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Pallets of bottled water are seen ready for distribution in a warehouse January 21, 2016 in Flint, Michigan. The warehouse is the emergency water supply for Flint residents affected by lead-contaminated water. Sarah Rice/Getty Images

Flint is swimming in water bottles

Tony Wagner Jan 26, 2016
Pallets of bottled water are seen ready for distribution in a warehouse January 21, 2016 in Flint, Michigan. The warehouse is the emergency water supply for Flint residents affected by lead-contaminated water. Sarah Rice/Getty Images

As state officials work to contain the ongoing health crisis in Flint, Michigan, private companies and celebrities are pitching in, sending hundreds of thousands of water bottles into the city.

 Walmart, Coca-Cola, PepsiCo and Nestlé pledged Tuesday to donate 6.5 million bottles by the end of the year. The corporate coalition has given more than 867,000 bottles, though some of those were donated long before the crisis started. 

Then there’s the celebrities. Cher is sending 180,000 bottles of Icelandic Glacial. A water brand owned by Diddy and Mark Wahlberg is donating 5,000 bottles, and has pledged to give more. Detroit Lions defensive end Ziggy Ansah is in for 94,000, and the list goes on.

The vast majority of those private donations aren’t on the ground yet, and though government spokespeople say Flint’s needs aren’t met, the city is already swimming in water bottles. The state and Red Cross have provided 4.2 million in just the past two weeks. What happens to all those bottles when they’re used up?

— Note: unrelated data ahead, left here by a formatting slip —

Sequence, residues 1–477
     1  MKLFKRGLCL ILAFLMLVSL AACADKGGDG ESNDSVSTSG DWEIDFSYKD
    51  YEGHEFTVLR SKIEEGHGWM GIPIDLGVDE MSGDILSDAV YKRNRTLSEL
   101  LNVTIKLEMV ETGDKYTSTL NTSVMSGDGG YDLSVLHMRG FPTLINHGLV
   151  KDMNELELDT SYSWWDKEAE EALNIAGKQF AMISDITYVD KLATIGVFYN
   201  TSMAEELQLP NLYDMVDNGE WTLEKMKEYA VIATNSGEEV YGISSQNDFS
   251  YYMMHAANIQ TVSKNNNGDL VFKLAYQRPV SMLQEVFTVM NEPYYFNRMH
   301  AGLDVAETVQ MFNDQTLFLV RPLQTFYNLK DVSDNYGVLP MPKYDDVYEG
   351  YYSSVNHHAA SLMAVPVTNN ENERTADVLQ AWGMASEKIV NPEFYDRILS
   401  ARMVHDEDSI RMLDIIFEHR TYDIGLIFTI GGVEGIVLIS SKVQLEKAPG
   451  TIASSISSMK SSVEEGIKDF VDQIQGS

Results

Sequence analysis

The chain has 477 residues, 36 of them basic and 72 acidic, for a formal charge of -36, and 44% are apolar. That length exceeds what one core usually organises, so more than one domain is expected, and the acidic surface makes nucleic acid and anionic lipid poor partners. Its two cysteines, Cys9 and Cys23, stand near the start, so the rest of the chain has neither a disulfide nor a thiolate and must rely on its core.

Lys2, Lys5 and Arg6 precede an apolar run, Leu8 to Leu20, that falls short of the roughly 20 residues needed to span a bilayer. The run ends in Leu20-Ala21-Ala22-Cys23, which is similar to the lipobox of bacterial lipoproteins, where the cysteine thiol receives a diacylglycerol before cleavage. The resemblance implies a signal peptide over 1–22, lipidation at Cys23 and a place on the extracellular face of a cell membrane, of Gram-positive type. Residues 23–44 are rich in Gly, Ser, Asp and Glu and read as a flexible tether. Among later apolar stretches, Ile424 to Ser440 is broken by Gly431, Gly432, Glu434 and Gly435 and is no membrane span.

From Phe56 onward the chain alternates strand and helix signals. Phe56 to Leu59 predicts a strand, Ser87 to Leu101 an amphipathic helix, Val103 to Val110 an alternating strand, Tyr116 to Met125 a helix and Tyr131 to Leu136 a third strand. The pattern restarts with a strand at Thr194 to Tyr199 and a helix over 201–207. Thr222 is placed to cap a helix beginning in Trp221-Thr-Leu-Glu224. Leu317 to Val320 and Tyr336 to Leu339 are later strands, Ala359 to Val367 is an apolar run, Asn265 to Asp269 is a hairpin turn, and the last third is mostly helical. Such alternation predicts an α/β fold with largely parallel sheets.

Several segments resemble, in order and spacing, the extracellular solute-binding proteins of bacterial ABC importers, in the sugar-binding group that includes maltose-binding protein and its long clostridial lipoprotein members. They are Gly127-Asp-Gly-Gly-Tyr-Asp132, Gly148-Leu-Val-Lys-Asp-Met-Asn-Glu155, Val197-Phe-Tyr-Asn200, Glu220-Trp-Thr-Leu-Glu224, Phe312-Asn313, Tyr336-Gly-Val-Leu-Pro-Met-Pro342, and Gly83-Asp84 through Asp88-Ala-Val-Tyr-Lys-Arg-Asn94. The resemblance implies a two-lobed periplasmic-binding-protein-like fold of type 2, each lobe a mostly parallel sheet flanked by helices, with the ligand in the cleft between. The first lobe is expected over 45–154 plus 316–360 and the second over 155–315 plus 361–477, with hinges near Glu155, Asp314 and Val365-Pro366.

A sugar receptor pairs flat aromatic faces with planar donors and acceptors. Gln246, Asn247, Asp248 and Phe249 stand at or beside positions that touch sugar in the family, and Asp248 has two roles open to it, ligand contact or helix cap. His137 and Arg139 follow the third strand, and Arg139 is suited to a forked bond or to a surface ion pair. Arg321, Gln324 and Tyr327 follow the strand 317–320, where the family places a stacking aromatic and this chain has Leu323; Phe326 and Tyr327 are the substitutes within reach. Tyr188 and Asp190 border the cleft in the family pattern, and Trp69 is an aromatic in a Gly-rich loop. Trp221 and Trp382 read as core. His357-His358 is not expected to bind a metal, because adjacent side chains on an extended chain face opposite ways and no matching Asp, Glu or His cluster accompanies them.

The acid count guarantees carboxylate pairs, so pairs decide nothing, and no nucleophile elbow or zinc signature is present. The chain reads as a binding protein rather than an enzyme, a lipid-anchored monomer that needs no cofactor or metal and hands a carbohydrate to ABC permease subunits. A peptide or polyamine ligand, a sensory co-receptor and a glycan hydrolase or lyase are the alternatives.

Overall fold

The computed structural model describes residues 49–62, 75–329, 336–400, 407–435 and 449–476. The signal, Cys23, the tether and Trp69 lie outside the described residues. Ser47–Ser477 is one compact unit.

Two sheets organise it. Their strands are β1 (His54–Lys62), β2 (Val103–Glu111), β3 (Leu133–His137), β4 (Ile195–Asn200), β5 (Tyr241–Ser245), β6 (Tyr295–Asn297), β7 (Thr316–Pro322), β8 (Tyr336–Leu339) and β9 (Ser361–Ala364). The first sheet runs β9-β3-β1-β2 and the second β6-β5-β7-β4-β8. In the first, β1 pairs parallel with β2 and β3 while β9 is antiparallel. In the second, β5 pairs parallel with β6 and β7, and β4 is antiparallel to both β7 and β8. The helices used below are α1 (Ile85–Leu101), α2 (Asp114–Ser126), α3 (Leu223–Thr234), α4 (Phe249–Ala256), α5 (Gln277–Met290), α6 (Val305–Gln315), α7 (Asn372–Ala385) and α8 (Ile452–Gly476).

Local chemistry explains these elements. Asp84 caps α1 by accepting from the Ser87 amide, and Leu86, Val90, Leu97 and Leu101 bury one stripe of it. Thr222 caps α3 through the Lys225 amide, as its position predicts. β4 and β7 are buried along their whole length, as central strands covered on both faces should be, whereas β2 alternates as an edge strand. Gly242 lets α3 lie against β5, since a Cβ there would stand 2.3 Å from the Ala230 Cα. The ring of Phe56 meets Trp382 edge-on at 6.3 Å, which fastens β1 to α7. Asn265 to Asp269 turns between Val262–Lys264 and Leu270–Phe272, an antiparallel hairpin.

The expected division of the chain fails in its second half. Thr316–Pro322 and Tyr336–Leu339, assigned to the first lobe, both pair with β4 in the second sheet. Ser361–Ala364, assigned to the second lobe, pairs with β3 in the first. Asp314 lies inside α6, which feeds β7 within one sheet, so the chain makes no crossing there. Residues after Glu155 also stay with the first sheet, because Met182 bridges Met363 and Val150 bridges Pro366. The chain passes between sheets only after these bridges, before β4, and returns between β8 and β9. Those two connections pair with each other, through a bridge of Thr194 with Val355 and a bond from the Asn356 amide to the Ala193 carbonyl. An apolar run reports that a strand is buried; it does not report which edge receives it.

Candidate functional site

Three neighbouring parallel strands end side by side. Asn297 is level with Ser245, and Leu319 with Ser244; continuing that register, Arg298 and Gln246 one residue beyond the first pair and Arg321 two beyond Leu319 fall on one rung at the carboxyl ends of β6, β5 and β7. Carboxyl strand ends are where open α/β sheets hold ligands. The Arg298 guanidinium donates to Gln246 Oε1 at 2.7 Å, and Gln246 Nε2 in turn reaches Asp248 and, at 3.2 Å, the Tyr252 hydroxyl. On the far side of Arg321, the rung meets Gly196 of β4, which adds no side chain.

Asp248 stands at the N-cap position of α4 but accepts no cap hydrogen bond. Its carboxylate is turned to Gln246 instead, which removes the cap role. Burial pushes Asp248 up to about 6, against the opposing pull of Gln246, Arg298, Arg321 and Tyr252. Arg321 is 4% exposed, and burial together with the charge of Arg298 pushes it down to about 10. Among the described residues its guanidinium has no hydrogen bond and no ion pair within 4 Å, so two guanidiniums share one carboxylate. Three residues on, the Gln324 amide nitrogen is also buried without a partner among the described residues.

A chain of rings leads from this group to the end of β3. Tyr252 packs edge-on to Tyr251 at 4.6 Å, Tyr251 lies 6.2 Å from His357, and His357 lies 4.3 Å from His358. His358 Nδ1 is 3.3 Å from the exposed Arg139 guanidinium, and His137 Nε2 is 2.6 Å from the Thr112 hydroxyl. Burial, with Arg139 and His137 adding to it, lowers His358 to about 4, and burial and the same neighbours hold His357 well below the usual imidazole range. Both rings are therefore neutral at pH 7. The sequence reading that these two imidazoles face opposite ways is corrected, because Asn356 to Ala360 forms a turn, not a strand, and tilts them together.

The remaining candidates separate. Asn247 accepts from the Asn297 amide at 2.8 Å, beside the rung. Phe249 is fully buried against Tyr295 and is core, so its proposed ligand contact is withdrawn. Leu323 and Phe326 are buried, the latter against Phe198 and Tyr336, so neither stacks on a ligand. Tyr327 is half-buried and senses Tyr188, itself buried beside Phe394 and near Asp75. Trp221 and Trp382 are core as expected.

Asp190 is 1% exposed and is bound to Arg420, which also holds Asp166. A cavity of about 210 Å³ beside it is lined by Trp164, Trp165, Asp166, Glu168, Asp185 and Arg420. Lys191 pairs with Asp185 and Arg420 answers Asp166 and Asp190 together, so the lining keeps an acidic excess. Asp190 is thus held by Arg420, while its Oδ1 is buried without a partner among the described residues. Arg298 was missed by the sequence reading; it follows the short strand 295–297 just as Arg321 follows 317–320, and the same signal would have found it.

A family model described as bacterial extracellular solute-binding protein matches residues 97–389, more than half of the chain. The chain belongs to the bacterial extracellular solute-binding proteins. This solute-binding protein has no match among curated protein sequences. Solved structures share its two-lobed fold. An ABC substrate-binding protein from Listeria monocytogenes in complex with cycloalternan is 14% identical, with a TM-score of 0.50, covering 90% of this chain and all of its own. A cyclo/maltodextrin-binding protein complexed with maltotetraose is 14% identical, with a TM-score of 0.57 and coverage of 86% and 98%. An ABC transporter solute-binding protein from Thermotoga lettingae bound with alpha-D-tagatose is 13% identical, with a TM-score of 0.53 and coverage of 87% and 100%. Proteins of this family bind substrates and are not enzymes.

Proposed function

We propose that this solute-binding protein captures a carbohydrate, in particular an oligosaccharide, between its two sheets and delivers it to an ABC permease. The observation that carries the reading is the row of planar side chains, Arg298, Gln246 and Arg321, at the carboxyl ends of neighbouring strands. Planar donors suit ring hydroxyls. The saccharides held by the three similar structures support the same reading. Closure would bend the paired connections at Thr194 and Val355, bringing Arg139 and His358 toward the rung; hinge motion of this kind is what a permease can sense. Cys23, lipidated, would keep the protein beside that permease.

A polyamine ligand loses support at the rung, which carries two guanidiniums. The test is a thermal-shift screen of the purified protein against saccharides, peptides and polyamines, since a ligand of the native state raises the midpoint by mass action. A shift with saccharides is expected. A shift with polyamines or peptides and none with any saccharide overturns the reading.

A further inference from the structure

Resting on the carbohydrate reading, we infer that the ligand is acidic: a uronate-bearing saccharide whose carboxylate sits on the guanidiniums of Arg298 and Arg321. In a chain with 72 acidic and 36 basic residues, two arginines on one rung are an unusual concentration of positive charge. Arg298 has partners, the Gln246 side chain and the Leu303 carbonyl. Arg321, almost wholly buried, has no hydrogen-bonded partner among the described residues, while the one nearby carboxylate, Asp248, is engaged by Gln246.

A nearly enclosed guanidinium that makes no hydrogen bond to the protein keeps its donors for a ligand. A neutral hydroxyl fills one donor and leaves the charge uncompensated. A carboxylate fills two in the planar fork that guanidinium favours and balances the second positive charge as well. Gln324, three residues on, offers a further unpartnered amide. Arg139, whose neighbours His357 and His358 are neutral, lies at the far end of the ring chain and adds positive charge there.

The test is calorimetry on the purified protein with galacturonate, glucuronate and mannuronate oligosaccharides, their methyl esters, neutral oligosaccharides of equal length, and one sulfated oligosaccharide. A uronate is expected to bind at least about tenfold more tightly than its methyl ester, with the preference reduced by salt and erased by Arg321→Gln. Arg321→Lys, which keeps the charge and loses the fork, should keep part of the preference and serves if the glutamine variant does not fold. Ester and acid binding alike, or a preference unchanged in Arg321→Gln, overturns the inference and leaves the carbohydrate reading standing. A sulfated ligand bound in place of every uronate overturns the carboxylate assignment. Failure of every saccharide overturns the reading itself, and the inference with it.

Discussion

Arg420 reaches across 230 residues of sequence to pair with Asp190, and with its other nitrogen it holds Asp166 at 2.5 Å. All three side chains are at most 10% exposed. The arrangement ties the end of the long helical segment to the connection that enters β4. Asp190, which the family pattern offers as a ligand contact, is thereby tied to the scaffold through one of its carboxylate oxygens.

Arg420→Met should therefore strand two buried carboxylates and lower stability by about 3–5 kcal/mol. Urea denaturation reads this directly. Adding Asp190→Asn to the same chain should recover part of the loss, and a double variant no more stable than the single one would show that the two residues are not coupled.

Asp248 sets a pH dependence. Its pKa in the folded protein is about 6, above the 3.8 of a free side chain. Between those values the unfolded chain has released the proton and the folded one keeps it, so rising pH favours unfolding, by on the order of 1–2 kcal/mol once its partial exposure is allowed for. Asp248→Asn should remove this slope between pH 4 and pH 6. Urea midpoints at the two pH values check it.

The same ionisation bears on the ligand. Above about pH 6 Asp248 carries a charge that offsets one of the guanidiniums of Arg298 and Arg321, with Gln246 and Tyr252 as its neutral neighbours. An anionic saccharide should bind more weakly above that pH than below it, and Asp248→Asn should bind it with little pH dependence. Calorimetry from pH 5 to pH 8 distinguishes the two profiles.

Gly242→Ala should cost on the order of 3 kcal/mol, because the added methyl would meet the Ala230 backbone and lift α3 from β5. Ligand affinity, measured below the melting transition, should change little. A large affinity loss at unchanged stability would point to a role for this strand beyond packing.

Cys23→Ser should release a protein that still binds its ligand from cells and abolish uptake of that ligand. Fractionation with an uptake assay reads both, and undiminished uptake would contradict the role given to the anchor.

“I think that when there are breaches in water quality in the system, when our municipal systems have failed, that private water — water delivered by private companies — is essential,” says Elizabeth Royte, who wrote about the business of bottled water in her book “Bottlemania.” 

“But I would rather see it come in larger tankers and have people fill larger bottles to bring home.”

The government has also provided thousands of filters and testing kits, and private companies have promised more of those, too. But bottles are more convenient and efficient — especially for donors like Diddy, who probably doesn’t have filters laying around.  

“I know it’s hard for some people to handle big jugs of water, but anything we can do to reduce the amount of smaller bottles is great,” Royte says. “Of course, if they could reuse the bottles, that’s good. And at the bottom of the list is making sure to recycle them.”  

That effort has been taken up by Young’s Environmental, a disaster clean-up company based in southeastern Michigan. The company put a dumpster outside its Flint office and offered via a Facebook post to haul away bottles for free. The post was shared more than 2,000 times and the company has put more boxes at other businesses around town.

Operations Manager Stephanie Young said the first load of empty bottles they hauled off Tuesday weighed 680 pounds. The recycling facility isn’t charging, so the only cost to Young’s is sparing a few dumpsters and drivers to move them.

“We don’t do anything with recycling. We haul hazardous waste, we do large, industrial cleaning projects,” Young said. “This isn’t really our line of business, but we have the tools to get this job done.”

Young said the company put out the call after contacting Michigan officials, who were still working out plans for recycling all the bottles pouring into Flint. State spokeswoman Jessi Adler said the state is working in conjunction with the city, county and several recycling companies to roll out locations where Flint residents can bring empty bottles and used water filters. 

In the long term the state is also hoping to increase curb side recycling in the city, Adler said.. Right now just 15 percent of Flint residents are signed up for recycling pick-up.

“You’d think most people are concerned about the water, and you don’t realize there are a lot of people who are worried about the after effects of the plastic,” Young said.

Sarah Menendez contributed reporting.

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